Practical - Work arrangements: there are many examples of outdated work arrangements. Two key examples are: In diverse situations there has been no reduction in work gang sizes despite the extensive deployment of automated handling technology or information technology; and there is an inherent lack of flexibility in how labour can be assigned to particular jobs. Typically, there is no matching resources to requirements resulting in frequent over-manning and it is also impossible to assign the same team to work on different docks during the same shift.
Practical - Costs: The maintenance of old style work arrangements/practices promotes high costs of operation. Direct costs are one thing – one major port reports that the current average salary of a stevedore is over €90,000 per annum - but another important aspect is the union directed action that takes place, like work slowdowns, which seeks to secure CBAs that maintain out-of-date work practices. The cost of labour action in one major container port over the summer of 2015 is put at approaching €15m. And the incidence of such action is increasing as the unions push to secure new CBAs and in at least one port to extend their sphere of influence to non-core cargo handling activities.
Spain’s port labour sector is clearly well past its sell-by date and needs to move on to achieve a more modern basis of operation. It is painstakingly evident that the country’s government should move quickly to comply with EU legislation and thereby open the gate on sector reforms.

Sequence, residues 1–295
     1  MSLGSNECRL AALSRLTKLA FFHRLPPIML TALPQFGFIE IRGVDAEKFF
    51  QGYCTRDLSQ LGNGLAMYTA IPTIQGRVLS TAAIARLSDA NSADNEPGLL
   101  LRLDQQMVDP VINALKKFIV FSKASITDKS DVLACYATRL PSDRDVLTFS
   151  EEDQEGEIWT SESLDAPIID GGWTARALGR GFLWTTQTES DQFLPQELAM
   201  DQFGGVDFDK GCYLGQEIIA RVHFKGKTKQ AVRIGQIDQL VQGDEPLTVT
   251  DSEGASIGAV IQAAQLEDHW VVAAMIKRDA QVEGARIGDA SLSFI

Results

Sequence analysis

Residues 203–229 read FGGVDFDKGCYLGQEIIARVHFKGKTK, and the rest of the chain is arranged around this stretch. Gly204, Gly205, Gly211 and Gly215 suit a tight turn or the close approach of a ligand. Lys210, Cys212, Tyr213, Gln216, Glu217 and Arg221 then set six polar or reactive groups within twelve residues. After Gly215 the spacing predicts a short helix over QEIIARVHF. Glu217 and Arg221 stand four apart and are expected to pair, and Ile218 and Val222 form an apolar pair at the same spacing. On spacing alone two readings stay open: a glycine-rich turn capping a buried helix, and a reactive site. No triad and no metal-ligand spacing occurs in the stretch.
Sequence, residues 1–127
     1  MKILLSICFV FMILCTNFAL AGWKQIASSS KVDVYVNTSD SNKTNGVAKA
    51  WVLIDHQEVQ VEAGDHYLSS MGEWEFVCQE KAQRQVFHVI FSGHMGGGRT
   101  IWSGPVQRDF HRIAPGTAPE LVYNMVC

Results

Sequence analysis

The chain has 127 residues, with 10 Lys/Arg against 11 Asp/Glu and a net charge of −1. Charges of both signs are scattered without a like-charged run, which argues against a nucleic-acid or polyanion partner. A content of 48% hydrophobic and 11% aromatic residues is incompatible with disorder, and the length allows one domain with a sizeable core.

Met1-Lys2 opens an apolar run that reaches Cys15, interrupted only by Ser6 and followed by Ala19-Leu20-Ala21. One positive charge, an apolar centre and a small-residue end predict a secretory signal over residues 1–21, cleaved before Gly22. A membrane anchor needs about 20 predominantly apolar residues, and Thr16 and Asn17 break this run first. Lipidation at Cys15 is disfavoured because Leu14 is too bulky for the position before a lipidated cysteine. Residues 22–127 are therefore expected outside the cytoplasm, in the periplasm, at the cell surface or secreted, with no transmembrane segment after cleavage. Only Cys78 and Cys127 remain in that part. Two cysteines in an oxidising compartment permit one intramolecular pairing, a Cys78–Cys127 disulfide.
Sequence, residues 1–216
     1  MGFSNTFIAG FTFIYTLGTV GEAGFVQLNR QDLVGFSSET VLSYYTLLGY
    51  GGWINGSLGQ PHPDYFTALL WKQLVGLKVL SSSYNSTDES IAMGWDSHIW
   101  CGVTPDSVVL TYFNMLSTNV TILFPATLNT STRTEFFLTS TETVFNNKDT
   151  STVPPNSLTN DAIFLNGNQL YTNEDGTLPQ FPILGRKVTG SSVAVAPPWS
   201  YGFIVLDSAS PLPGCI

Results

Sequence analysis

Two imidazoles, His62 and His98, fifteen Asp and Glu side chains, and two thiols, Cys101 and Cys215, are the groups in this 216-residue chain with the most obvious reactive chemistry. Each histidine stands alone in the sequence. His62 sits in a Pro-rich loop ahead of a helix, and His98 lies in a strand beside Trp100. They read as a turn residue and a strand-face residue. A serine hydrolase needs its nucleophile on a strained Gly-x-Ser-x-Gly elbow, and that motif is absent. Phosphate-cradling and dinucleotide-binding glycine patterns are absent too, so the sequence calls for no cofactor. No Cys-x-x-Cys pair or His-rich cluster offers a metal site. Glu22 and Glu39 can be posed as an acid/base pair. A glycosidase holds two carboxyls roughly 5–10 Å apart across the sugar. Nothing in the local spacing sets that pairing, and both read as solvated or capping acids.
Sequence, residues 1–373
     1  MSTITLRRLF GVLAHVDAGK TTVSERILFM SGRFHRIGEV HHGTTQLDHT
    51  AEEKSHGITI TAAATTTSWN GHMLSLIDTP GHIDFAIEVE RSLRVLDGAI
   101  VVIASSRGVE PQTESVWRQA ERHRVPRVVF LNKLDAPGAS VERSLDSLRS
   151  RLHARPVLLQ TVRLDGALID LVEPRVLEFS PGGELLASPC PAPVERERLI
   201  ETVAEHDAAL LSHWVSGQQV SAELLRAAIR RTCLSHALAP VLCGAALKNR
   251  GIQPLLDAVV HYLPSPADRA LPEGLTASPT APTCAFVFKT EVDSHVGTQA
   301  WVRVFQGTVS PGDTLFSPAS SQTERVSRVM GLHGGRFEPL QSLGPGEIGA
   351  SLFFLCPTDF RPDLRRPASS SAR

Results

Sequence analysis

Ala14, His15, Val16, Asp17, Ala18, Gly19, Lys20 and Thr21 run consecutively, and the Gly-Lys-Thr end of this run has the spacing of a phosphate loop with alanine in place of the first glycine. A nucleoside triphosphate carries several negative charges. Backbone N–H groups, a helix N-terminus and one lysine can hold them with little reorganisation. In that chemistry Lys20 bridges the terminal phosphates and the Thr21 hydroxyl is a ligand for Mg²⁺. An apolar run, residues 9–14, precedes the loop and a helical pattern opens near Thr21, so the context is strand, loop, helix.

Stevedores should be employed under the general labour law and CBAs adjusted to the new system.
The reforms implemented should also:
· Confirm the ability of agencies supplying temporary labour to enjoy free access to the port sector market.
· Ensure that no pool agency or organisation supplying temporary workers should enjoy exclusivity or preferential rights regarding the supply of workers to the port sector and similarly no specific category of workers should have exclusive or preferential rights to be employed in ports.
Last but by no means least, the reform of the port labour system, properly done, should involve severance pay for SAGEP workers. The consensus of opinion among employers is that should be paid by Puerto del Estados, the government agency managing ports in Spain. In particular, this is seen as fitting due to the public damage generated by the current restrictive port labour system empowered by Government.
THE TRUE COST OF MONOPOLISTIC MANAGEMENT
In 2014, the SAGEPs paid just over €440m to employ 6,400 stevedores which equates to a gross salary per stevedore of around €68,900. Port employers in Spain suggest this level of salary is up to 50% higher than that which would apply in a free market. Taking the 50% figure then this means the financial ‘hit’ taken by employers as result of the monopoly of SAGEP workers performing cargo handling services was €220m.
There are also, of course, costs that are difficult to measure – damage to reputation, loss of potential new business and so on. It is not just a question of ship owners moving from one Spanish port to another if they have a bad experience; particularly where transhipment activity is involved there are numerous other port hubs, outside Spain, that can be selected.
And where high port costs are experienced they will be passed on along the transport chain ultimately ending up with the consumer or producer. This makes the cost of goods for industry or retail in Spain more expensive and exporters less competitive.